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Bacopa

By

Laura Shane-McWhorter

, PharmD, University of Utah College of Pharmacy

Last full review/revision Jan 2022| Content last modified Jan 2022
CLICK HERE FOR THE PROFESSIONAL VERSION

What is bacopa?

The scientific name of bacopa is Bacopa monniera.

Bacopa's active ingredients are a mixture of "bacosides," which are believed to protect nerve cells and improve learning.

  • The plant's ingredients are also thought to have antioxidant and anti-inflammatory effects. Antioxidants protect cells against damage by free radicals, which are active by-products of normal cell activity.

The plant can be used in several ways:

  • Eaten as an herb

  • Dried and made into a powder that can be mixed with butter

  • Added alone or with other herbs to dietary supplements in pill and capsule forms

What claims are made about bacopa?

The long list of health benefits claimed for this herb includes the following:

  • Improves memory and learning

  • Treats epilepsy, neurosis, hypertension, anxiety, epilepsy, asthma, leprosy, tuberculosis, and skin diseases

  • Slows down aging

  • Treats snake bites

  • Prevents or treats Alzheimer disease

  • Improves digestion

Does bacopa work?

Any single compound, including bacopa, is highly unlikely to have such a broad range of health benefits. Thus, evidence is very unlikely to confirm such multiple benefits.

Studies in cells and animals show that bacopa could have the following health effects, but these findings have not been confirmed in studies in people:

  • Reduce levels of inflammation, which are at high levels in many conditions (such as cancer, heart disease, and diabetes)

  • Prevent anxiety and stress

  • Lower blood pressure

  • Kill cancer cells

The evidence from studies in people to show that bacopa has the claimed health benefits is limited. Many of these studies are small (for example, fewer than 100 participants) and of poor quality. These studies suggest that bacopa could have the following health benefits, among others:

  • Improve attention and memory

  • Speed up the processing of visual information

  • Reduce the symptoms of attention deficit hyperactivity disorder in children

  • Help prevent seizures

  • Reduce anxiety

What are the possible side effects of bacopa?

Bacopa is safe in most people when taken by mouth for up to 12 weeks. Sometimes bacopa causes an upset stomach, nausea, diarrhea, and/or fatigue. Some evidence also shows that bacopa might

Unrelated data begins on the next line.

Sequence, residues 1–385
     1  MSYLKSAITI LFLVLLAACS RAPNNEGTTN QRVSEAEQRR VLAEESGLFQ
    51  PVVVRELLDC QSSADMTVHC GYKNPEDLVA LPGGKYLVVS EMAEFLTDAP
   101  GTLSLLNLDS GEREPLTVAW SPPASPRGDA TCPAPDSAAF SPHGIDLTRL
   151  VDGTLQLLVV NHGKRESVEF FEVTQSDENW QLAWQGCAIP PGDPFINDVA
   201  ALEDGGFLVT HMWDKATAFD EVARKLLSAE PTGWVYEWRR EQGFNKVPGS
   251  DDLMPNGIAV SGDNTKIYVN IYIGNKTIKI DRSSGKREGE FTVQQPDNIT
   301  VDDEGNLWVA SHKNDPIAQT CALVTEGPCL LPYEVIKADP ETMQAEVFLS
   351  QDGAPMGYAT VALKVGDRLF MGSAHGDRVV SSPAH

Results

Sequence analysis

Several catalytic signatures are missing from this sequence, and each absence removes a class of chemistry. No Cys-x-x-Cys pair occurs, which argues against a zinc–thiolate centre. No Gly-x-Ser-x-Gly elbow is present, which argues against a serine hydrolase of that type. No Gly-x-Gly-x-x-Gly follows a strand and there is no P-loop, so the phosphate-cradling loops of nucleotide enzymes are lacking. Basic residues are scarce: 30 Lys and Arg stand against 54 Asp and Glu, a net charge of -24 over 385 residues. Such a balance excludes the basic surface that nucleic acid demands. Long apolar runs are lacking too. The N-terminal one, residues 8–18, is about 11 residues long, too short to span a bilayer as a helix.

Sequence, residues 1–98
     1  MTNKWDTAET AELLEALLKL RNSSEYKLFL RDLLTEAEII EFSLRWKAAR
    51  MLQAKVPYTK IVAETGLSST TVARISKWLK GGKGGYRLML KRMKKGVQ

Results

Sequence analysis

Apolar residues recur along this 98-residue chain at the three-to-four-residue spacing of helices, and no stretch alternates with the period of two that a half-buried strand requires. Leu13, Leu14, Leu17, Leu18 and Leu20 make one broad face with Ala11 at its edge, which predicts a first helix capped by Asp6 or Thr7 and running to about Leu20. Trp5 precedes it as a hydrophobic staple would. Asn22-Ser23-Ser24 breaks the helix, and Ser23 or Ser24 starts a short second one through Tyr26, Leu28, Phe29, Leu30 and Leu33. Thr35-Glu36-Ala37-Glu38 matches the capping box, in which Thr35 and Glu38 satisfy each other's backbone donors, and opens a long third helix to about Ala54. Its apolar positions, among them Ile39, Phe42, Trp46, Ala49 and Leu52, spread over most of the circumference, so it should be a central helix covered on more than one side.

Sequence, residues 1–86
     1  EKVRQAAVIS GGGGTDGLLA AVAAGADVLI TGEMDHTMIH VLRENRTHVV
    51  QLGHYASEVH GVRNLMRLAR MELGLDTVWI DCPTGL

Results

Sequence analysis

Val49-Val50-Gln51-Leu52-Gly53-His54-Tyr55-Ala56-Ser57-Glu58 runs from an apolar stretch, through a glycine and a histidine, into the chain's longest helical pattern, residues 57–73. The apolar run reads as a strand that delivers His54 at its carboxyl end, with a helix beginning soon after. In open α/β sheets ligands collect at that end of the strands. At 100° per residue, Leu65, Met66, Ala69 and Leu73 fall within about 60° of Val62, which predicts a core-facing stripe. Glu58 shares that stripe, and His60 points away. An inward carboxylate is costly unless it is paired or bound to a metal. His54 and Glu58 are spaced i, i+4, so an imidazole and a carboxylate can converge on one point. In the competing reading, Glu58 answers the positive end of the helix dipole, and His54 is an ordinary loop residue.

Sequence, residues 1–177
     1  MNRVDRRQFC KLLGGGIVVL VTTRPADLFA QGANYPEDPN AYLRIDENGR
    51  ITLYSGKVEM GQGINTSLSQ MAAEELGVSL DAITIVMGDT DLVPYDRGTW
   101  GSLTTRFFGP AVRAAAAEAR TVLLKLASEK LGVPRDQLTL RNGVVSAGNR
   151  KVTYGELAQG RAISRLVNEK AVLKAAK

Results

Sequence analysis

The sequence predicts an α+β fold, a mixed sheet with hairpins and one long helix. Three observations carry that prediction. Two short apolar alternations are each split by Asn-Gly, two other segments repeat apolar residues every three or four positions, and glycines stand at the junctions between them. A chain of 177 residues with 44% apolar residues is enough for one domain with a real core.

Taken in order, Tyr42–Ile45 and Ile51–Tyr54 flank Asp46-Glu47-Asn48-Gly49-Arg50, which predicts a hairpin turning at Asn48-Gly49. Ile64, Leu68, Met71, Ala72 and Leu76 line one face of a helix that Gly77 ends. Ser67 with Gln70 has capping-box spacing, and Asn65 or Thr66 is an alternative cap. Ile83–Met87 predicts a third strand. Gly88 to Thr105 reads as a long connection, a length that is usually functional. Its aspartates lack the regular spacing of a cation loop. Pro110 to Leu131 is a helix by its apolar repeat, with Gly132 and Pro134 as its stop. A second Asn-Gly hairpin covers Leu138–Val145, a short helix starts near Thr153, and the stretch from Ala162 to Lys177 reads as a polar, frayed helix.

• Slow the heart rate, which could be a problem in people whose heart rate is already slow

  • Slow transit in the intestines, which could be dangerous for people with blockages that could slow the transit of food or liquids moving through their intestines

  • Worsen ulcers because it might increase secretions in the stomach and intestines

  • Increase fluid secretions in the lungs and thus worsen asthma and other lung conditions

  • Increase thyroid hormone levels, possibly making it unsafe for people with a thyroid disorder

  • Increase urinary obstructions because it could increase secretions in the urinary tract

What drug interactions occur with bacopa?

Very little evidence is available on interactions between bacopa and other drugs.

  • Because bacopa could increase thyroid hormone levels, people taking thyroid hormone drugs should not take bacopa.

  • Taking both bacopa and fluoxetine, an antidepressant, could cause such symptoms as confusion, agitation, and changes in blood pressure or temperature.

  • Bacopa might boost levels of certain chemicals in the brain, heart, and other parts of the body. Some drugs, such as those used to treat Alzheimer disease and glaucoma, including pilocarpine, donepezil, and tacrine, might also affect these chemicals.

  • Bacopa could also increase levels of other drugs, such as the blood thinner warfarin, diabetes drugs such as glipizide, some blood pressure–lowering drugs, such as diltiazem or losartan, or some chemotherapy drugs, such as etoposide, vinblastine, or vincristine.

Recommendations

No beneficial health effects of bacopa have been confirmed in high-quality studies in people.

Use of bacopa is not recommended because there are no confirmed benefits to outweigh the possibility of harmful side effects.

Bacopa is probably safe for most people. However,

  • Pregnant women and people with stomach ulcers, thyroid disease, intestinal blockages, urinary obstruction, a slow heart rate, or a lung disease should avoid bacopa.

  • People who take certain drugs (including fluoxetine, thyroid hormones, and drugs to treat Alzheimer disease, glaucoma, high blood pressure, or diabetes) should talk to their doctor before taking bacopa.

NOTE: This is the Consumer Version. DOCTORS: CLICK HERE FOR THE PROFESSIONAL VERSION
CLICK HERE FOR THE PROFESSIONAL VERSION
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